Continuing the internship theme that Roxanne kicked off for us yesterday, today we’ll consider the question of internships during the academic year. We’re often asked about the opportunity to pursue an internship alongside classes, and it’s slightly tricky to answer. On the one hand, YES, you certainly may pursue an internship! Absolutely! And many students do. On the other hand, it’s not the culture at Fletcher to push students out the door to those internships (except during the summer, of course). Like so many choices students make (Should I pursue a dual degree? Exchange semester? Language study? Cross-registration?), the decision on an internship depends completely on the individual student’s academic and professional objectives. There’s plenty going on at Fletcher and elsewhere on the Tufts campus — you won’t be bored if you commit yourself to two years of doing everything there is to do here. On the other hand, if you tell us you have an internship, we’ll tell you that we’re glad to hear you’re taking advantage of that opportunity!
All of that said, I asked current students about their academic-year internships, and here’s what I found out:
Bob, first-year MALD: I work as an intern with the Tufts Office of Sustainability, which is located just a short walk from the Fletcher School in Tufts’ Miller Hall. I spend around 10-15 hours here per week, and some of my work can be completed at home.
Nathan, second-year MALD: I have done work for two outside organizations while at Fletcher. The first, in my first year, was at a small governance and peacebuilding organization in Cambridge, about a 30-minute walk from campus. I worked 16-20 hours during the fall, and scaled back to 8-10 during the spring. It was enriching to combine the academic environment with a more applied one, but I had to work during normal business hours, which was inconvenient for scheduling study groups and meant missing other opportunities at Fletcher. This type of work comes down to balancing the experience (and need for extra income!) with the opportunities and community available on campus. I decided not to continue this during my second year. My second internship, which I’m doing currently, is a long-distance, on-my-own-time consultancy. This, of course, means more flexibility but less direct engagement with the organization and the material. It still involves sacrifice, but it’s less a cause of stress in my life, and I do appreciate having at least one toe in the real world while at an academic institution.
Justin, second-year MIB: I worked at Converse in Latin America strategy 18-20 hours per week this year. I was able to do my capstone on Converse’s three-year strategy for Brazil.
Marie, second-year MALD: I worked at Conflict Dynamics International for about 9 hours a week last fall and this spring.
Katie, first-year MALD: I have had an internship for both the fall and spring semesters of this year. It is at WorldTeach, an international education nonprofit in Cambridge (it was formerly affiliated with Harvard). The internship is 10 hours per week, or 40 hours per month.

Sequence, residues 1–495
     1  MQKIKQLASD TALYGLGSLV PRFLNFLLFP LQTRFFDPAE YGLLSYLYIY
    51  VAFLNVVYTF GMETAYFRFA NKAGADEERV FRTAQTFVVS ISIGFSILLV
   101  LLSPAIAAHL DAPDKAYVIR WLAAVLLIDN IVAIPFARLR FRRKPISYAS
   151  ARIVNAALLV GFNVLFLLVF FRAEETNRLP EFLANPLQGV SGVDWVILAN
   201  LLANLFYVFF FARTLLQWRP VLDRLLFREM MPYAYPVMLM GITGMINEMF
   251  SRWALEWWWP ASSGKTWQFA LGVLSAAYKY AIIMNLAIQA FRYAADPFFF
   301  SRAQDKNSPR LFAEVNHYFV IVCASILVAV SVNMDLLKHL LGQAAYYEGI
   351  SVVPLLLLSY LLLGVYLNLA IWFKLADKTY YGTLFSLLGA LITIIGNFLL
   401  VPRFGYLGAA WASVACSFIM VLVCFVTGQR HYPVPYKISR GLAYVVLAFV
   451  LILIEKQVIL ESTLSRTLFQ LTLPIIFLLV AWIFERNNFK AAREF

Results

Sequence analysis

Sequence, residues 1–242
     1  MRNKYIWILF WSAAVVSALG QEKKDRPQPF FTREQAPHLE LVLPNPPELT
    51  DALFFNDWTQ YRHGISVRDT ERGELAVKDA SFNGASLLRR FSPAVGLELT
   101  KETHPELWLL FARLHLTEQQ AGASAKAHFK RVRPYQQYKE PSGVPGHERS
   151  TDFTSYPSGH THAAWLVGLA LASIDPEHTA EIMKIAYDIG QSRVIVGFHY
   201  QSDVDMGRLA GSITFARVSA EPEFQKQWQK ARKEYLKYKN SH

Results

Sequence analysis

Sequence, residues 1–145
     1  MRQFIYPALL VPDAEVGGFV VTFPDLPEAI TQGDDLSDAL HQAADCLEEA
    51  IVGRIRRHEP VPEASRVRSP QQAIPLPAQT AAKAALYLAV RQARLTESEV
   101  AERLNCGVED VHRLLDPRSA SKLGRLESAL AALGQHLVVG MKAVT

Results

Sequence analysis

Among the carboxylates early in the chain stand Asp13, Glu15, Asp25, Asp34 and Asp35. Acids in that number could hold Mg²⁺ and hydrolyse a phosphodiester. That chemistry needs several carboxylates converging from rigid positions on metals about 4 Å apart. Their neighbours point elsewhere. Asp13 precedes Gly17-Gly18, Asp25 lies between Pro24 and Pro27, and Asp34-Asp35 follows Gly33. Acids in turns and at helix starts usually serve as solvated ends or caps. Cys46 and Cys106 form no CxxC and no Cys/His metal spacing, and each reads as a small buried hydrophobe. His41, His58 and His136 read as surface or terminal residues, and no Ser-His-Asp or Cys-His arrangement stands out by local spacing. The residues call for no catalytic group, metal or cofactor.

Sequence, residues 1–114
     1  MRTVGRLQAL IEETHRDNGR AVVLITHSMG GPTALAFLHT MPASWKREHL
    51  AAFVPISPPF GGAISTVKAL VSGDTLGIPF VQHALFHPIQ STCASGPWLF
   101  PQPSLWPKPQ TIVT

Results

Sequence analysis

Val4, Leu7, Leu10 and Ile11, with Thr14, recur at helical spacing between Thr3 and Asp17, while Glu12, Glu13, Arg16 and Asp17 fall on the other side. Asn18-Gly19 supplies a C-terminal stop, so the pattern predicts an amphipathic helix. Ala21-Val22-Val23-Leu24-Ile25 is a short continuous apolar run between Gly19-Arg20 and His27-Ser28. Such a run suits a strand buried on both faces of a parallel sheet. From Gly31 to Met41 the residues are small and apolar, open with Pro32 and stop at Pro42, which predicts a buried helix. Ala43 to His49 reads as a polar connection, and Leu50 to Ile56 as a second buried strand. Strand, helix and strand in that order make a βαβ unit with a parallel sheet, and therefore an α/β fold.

John, first-year MIB: I intern with the U.S. Commercial Service (a division of the Department of Commerce). I intern at the downtown Boston office, 10-15 hours a week. My responsibilities include market research and creating market entry strategies for Massachusetts companies to export and expand operations overseas.
Michael, first-year MIB: I have been working at State Street this semester. I am in the enterprise risk management division, in the probability of default group. My group worked on calculating the counter-party risk of broker-dealers for regulatory purposes. It is very quantitative. I work approximately 15 hours a week, all on-site in downtown Boston. The internship is paid on an hourly basis, and I found it through a posting from Fletcher OCS.
Leila, second-year MALD: Last spring I did an internship at Mercy Corps’ Cambridge office. I worked 10-12 hours a week with the Director of Governance and Partnerships. My main tasks were to help with logistics for their Partnerships summit in Bangkok, and to conduct research for an internal paper on private-sector partnerships. I found out about the internship through an OCS email.
Albert, second-year MALD: I’ve been interning on the Governance and Peacebuilding team at Conflict Dynamics International both this past summer and during the year. The internship is focused almost entirely on research in the areas of governance and peacebuilding, particularly in Sudan, South Sudan, and Somalia. I worked 16 hours a week last semester and am working 12 hours a week this semester, paid on an hourly basis.
Cherrica, first-year MALD, and Chris, first-year MALD both intern at CargoMetrics, downtown Boston, 10-15 hours each week, paid, and say: It’s a technology-enabled hedge fund founded by Fletcher alums. They prefer you to work in the office but on occasion they are flexible and allow you to work from home. Great office with several Fletcher grads and students.
My thanks to Roxanne for her comprehensive description of the process. Take it away, Roxanne!
First of all, it was so wonderful to meet many of the prospective members of the incoming class last week! We are sad to part with our second-year students soon, and getting to hear the stories of the incoming class gave many of us a lot to look forward to! One of the questions that emerged through these conversations was about the Fletcher summer internship search process. While it is very challenging to speak about a universal Fletcher experience, given that interests vary widely in this diverse community, I would like to shed some light on how some Fletcher students begin to think about their summer internships. Feel free to also browse the post I wrote about this topic in February, right before the DC Career Trip.